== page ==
According to MSNBC, the word sudoku was officially added to the Merriam-Webster dictionary in 2007. The sudoku-type puzzle has been around for quite some time, but started gaining real popularity when it was introduced as a daily feature in the Times of London in 2004. The logic puzzle didn’t show up in my local paper until late 2005, and by that time, it was a worldwide phenomenon. The puzzle consists of a nine-by-nine array of single digits and empty spaces. The goal is to use logical reasoning skills to determine the value of the missing digits. Unlike a crossword puzzle, sudoku does not rely on any knowledge other than the individual’s ability to think critically, and since it is based on mathematics rather than language, it has international appeal.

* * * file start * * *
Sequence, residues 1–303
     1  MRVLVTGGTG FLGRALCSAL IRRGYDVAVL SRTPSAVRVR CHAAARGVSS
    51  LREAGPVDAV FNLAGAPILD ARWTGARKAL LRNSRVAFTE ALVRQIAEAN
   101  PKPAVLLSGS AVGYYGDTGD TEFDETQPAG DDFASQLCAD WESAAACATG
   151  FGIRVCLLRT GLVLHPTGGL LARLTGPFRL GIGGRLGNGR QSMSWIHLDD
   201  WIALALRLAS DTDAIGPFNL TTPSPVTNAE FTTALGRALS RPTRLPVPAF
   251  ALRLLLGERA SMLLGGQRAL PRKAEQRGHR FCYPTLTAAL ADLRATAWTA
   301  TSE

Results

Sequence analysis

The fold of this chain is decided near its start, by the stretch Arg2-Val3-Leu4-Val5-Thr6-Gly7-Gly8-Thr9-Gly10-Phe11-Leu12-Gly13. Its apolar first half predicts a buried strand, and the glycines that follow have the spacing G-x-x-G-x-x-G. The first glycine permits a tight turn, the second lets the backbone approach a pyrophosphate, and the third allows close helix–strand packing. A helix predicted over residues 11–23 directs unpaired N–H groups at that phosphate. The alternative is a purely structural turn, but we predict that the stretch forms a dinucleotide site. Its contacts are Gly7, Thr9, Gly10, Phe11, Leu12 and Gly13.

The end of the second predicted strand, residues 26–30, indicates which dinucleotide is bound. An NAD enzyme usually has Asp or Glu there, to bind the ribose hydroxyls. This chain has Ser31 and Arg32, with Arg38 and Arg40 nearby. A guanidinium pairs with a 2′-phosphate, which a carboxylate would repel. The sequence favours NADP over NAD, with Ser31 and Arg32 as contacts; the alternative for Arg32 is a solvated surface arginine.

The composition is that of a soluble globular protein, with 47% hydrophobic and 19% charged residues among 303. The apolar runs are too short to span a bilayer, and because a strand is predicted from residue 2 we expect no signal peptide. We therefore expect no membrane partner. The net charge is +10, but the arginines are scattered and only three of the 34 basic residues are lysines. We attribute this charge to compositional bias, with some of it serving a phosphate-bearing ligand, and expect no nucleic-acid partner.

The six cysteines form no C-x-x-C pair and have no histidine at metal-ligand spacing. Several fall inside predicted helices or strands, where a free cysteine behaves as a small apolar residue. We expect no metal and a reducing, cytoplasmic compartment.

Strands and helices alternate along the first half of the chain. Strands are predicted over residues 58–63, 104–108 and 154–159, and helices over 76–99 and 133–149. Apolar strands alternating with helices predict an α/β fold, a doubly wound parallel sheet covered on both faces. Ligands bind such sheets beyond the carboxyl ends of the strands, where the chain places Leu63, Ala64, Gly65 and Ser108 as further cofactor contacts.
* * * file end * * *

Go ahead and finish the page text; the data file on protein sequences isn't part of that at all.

I find sudoku to be very relaxing. It doesn’t take a lot of time and it helps my brain stay focused. In an interview with Newsweek, puzzles expert Will Shortz had this to say about sudoku and stress:

Sudoku is really great for just refreshing your brain. You all have challenges everyday, and you’re worried about your work and your home and your family or whatever. Sudoku just lets you put everything else away for those minutes you spend on the puzzle, and then you feel renewed and refreshed and ready to tackle whatever challenge life throws at you.

There are many free sudoku sites on the web. WebSudoku has a nice interface and is easy on the eyes. You can either do the puzzle online or print it out so you can work it out with a pencil or pen. If you would like a simple explanation of how to solve a sudoku puzzle, visit


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